The Great Exhibition and the 19th Century Cult of Progress

What kind of a vision of global interaction is created by World’s Fairs like the Great Exhibition?

Dickinson Brothers. Great Exhibition, 1851. In Jaffe D. Victoria — A Celebration, 2000.
Dickinson Brothers. Great Exhibition, 1851.

As the main organizer of ‘The Great Exhibition of the Works of Industry of All Nations’, Prince Albert’s objective was predominantly a national one: “for Great Britain [to make] clear to the world its role as industrial leader.”[1]

While the Great Exhibition was a platform for countries from around the world to showcase their achievements, Great Britain sought to prove its own superiority. The British exhibits “held the lead in almost every field where strength, durability, utility and quality were concerned, whether in iron and steel, machinery or textiles.”[2]

Great Britain also wanted to instill optimism and the hope for a better future. Following “two difficult decades of political and social upheaval,” in Europe, Great Britain hoped to convey that technology—particularly its own—was the key to a better future.[3]

The Great Exhibition was different to other museums in that it was housed in a purpose-built temporary building, tall enough to fit two elm trees that helped demonstrate man’s triumph over nature. The floorplan image from the UK National Archives collection, shows that a disproportionately large area was allocated to India, reflecting it’s important as the jewel in the crown of the British Empire. It is also opulently adorned with trappings of empire, rather than technological achievements.

There were detractors who feared that the mass of visitors might become a revolutionary mob[4], and radicals like Karl Marx saw the exhibition as capitalist obsession with commodities.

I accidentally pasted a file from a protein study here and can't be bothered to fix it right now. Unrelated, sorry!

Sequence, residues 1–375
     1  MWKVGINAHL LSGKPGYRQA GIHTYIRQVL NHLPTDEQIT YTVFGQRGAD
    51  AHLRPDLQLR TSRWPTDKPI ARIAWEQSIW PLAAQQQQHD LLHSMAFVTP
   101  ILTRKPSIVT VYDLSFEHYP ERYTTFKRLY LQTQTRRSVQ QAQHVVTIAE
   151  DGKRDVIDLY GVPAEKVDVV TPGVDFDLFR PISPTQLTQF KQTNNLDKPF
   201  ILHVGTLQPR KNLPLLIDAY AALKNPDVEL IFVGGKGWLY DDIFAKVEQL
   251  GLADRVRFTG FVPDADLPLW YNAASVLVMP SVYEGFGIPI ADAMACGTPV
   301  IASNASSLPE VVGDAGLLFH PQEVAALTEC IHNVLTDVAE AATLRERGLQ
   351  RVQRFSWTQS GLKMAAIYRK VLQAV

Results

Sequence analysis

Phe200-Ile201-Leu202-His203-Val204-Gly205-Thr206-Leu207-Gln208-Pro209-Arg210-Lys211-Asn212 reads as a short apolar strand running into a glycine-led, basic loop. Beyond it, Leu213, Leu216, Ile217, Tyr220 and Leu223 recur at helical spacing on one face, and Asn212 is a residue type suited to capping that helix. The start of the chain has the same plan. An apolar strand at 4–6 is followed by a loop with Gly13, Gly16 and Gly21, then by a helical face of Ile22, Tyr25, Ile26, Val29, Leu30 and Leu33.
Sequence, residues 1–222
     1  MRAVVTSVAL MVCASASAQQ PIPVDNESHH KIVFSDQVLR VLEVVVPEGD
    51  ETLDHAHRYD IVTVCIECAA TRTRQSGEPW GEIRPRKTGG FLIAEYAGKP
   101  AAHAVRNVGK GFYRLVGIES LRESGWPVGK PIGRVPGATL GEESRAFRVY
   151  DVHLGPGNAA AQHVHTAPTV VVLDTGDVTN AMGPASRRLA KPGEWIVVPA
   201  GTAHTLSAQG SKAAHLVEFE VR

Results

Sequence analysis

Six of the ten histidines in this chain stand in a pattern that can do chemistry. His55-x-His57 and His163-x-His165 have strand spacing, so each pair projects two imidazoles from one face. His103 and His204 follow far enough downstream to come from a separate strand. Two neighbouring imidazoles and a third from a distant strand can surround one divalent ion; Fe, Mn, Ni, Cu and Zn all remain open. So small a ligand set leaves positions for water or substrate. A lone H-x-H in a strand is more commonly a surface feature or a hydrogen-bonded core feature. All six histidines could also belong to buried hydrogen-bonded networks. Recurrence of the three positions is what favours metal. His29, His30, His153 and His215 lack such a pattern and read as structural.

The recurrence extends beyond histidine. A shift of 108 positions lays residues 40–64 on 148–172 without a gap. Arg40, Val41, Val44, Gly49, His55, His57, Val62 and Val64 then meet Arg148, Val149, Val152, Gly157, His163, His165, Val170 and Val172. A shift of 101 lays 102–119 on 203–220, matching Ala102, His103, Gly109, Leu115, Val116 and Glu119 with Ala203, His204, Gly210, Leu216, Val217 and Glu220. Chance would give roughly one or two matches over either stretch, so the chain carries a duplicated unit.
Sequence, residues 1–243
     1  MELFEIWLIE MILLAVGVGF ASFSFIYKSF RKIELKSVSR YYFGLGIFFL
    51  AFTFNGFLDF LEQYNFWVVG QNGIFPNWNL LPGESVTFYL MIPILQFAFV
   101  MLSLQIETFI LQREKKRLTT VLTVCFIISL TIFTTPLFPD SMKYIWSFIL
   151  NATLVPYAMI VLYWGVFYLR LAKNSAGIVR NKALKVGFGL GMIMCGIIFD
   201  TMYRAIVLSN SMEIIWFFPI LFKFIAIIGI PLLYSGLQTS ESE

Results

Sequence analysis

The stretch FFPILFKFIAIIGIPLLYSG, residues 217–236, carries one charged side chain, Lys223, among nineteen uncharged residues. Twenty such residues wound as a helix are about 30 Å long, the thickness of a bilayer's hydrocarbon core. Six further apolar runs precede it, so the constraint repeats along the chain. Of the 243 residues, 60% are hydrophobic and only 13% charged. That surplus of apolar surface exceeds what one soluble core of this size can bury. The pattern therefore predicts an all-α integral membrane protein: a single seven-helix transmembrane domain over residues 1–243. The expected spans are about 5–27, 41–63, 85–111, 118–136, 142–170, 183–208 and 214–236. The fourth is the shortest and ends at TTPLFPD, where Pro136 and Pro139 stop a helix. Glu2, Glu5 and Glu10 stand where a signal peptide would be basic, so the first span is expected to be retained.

John W. Cole wrote that some prophesied:

…the building would be gutted by a simultaneous rising of all the socialists, chartists, and red republicans in the world, expressly engaged and congregated for that particular performance.

Yet he also wrote that the exhibition:

might well be called the world’s wonder, for such in truth it was. The most perfect realization of a magnificent idea that ever entered the mind of man.[5]

The general feeling, according to Cole, was that the exhibition was devoted to “instructive recreation”, with no thoughts of evil passions that had dogged the prior two decades. He thought there was a “universal impression” that, besides providing thousands of jobs and injecting vast amounts of money into circulation, long-lasting benefits would accrue.[5]

Furthermore, Cole thought that foreign visitors would look positively upon British accomplishments, customs, and institutions—learning more in the six months during the exhibition that the prior thirty-six years since the fall of Napoleon.[5]

Many prejudices have been abandoned, and many mistaken views have given way, which are not likely again to obtain influence. Our foreign friends have seen and learned that there are better avenues to public prosperity than annual revolutions erected on barricades, and that a government and constitution may be firmly established without a garrison of a hundred thousand men in the capital to compel obedience. The exhibition of the produce of all countries was an honest peace-offering from England to the whole world—a cordial proclamation of amity, unaccompanied by protocols or remonstrances.[5]